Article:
Demand for food, housing assistance in Delaware grows amid inflation, pandemic concerns
Delaware is experiencing a rise in the number of residents seeking help, whether it be with housing costs, Medicaid, or food assistance.
More Delawareans are reaching out for financial help, whether it be for housing, health care, or food assistance. A number of factors, including the ongoing pandemic, inflation, and job losses, could be to blame.
In June 2021, the Food Bank of Delaware’s on-site pantry supplied 300 to 500 people on average per week, according to director of communications Kim Turner. This summer, that number has doubled, with around 600 to 800 people being serviced per week.
“We know just looking at those numbers that inflation and high gas prices are definitely impacting people’s ability to pay their bills and fuel their cars and buy groceries,” Turner said.
The food bank recently teamed up with DoorDash and Amazon to deliver food directly to homes to relieve residents of having to pay for gas, feed people who are in quarantine, and assist to people with special needs.
Amazon makes about 1,000 deliveries for the food bank every week.
Turner said that, as the number of people coming to the pantry rises, so does the number of people getting food delivered directly to their homes.
Enrollments for the Supplemental Nutrition Assistance Program are seeing a similar increase. The state’s Enhanced Food Benefits, a program that grants SNAP users an additional $95 per month for food in response to the pandemic, is still ongoing.
Jacqueline Mazariegos-Lopez, a mother and teacher from Georgetown, says paying for groceries, utilities, and gas this summer has been expensive. She said the assistance she gets from the WIC program is helpful, but not enough. The program, which offers assistance to women, infants, and children, has helped her buy formula, but it’s really all she can get for her child.
“A can is like $17, almost $18 per can, and we usually go through seven to 10 a month,” she said. To try to make up the difference, Mazariegos-Lopez has started selling homemade sweets as another source of income.
For a state with fewer than 1 million residents, those in need make up a sizable portion. According to the state Department of Health and Social Services’ Jill Fredel, 31% of Delawareans receive Medicaid, with 112,000 receiving SNAP, and 305,000 receiving Medicaid. Around 500 others applied for food benefits by the end of June 2022, Fredel said.
Delaware remains under both a state and federal public health emergency, which makes extra assistance available to those in need. But that extra help will eventually expire.
“It’s been kind of a godsend to have those enhanced benefits,” Fredel said. “The enhanced benefits, whether it’s remaining on Medicaid or the extra food benefits or waiving the co-pays for subsidized child care, those are all going to go away at some point. We just want individuals and families in Delaware to be ready for that.”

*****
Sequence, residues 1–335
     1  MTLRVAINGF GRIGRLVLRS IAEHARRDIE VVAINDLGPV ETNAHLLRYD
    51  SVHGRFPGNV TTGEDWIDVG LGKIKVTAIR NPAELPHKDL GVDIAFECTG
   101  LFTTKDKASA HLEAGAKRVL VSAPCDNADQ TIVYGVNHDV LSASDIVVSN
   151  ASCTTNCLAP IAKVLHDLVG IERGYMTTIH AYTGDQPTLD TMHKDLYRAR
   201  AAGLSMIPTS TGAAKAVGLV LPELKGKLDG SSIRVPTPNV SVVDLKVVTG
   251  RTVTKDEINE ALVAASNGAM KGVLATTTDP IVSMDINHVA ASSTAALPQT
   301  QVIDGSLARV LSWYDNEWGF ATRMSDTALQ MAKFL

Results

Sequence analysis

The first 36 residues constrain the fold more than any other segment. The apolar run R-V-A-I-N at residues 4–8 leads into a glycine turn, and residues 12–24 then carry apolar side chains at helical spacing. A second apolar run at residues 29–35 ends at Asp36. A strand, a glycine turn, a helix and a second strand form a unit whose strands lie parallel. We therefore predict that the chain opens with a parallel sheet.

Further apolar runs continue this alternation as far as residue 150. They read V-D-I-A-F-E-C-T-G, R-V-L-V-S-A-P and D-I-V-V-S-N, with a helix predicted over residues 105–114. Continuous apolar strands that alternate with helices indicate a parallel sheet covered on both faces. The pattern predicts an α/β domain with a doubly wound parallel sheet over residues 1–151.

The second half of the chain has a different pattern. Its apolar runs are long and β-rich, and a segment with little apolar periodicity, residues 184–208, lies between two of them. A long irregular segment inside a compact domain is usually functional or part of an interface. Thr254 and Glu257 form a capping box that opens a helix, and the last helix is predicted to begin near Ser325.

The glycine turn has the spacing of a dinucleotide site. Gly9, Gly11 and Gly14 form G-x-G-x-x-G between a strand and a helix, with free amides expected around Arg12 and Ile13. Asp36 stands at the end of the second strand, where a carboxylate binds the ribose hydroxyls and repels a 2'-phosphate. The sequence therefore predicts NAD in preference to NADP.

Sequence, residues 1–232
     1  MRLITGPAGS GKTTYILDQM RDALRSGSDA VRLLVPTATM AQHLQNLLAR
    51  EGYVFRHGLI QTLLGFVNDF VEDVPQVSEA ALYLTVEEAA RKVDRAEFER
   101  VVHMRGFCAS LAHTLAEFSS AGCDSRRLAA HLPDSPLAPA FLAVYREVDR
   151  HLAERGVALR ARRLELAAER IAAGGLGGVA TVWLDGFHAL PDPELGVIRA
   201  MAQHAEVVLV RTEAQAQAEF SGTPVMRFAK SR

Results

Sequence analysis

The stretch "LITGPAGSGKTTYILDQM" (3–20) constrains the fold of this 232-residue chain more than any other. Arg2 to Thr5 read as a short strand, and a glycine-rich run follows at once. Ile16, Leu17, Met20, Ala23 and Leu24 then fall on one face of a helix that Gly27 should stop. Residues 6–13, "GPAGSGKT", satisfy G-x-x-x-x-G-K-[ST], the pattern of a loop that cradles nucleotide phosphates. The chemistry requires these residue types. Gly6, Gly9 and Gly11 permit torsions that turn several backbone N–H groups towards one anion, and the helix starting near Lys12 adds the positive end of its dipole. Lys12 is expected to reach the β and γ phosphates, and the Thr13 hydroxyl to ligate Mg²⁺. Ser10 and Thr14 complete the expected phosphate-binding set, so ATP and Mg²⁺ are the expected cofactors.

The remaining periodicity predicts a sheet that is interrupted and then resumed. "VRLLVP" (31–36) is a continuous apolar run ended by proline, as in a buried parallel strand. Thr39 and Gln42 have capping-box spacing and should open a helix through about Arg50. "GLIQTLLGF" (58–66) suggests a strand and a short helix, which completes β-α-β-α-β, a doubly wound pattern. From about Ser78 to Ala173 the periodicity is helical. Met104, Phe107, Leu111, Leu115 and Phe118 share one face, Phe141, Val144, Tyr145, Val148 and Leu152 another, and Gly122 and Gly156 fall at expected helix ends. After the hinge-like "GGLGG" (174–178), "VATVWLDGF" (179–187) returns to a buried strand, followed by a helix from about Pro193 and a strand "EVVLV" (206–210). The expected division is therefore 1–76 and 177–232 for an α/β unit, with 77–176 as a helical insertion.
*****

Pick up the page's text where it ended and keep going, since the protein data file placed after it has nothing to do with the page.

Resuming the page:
Many, like the Food Bank’s Kim Turner, are hoping that this September’s White House Conference on Nutrition, the first such conference in 50 years, will result in fresh steps to combat food insecurity on a national level.
As elected officials and advocates work to feed the hungry, others are concerned about a growing uptick in homelessness.
The Delaware State Housing Authority’s Laurie Jacobs cited a pattern in more calls for housing assistance.“Most recently, we have seen an uptick in looking for affordable housing assistance, especially with rent prices increasing and the housing market’s surging,” she said.
The most recent Point in Time count conducted by the Delaware Continuum of Care recorded 2,369 Delawareans experiencing homelessness, its highest ever number. The report said that since 2020, there are approximately three times as many families with children experiencing homelessness, an increase from 136 to 389.
Jim Martin has worked to help those experiencing homelessness in Sussex County as the director of The Shepherd’s Office in Georgetown. Since the start of the pandemic, he’s helped offer clothing and cell phones with free wifi, as well as non-perishable foods and hot meals.
His office also functions as an address people experiencing homelessness can use to put on their paperwork while applying for help.
Brian Francisco has experienced homelessness in Sussex. He’s helping volunteer at Martin’s office and says it’s been a lifesaver. “They had somebody today sign me up for food stamps. And I’ve been provided with tents and sleeping bags and propane and food and clothing,” Francisco said.
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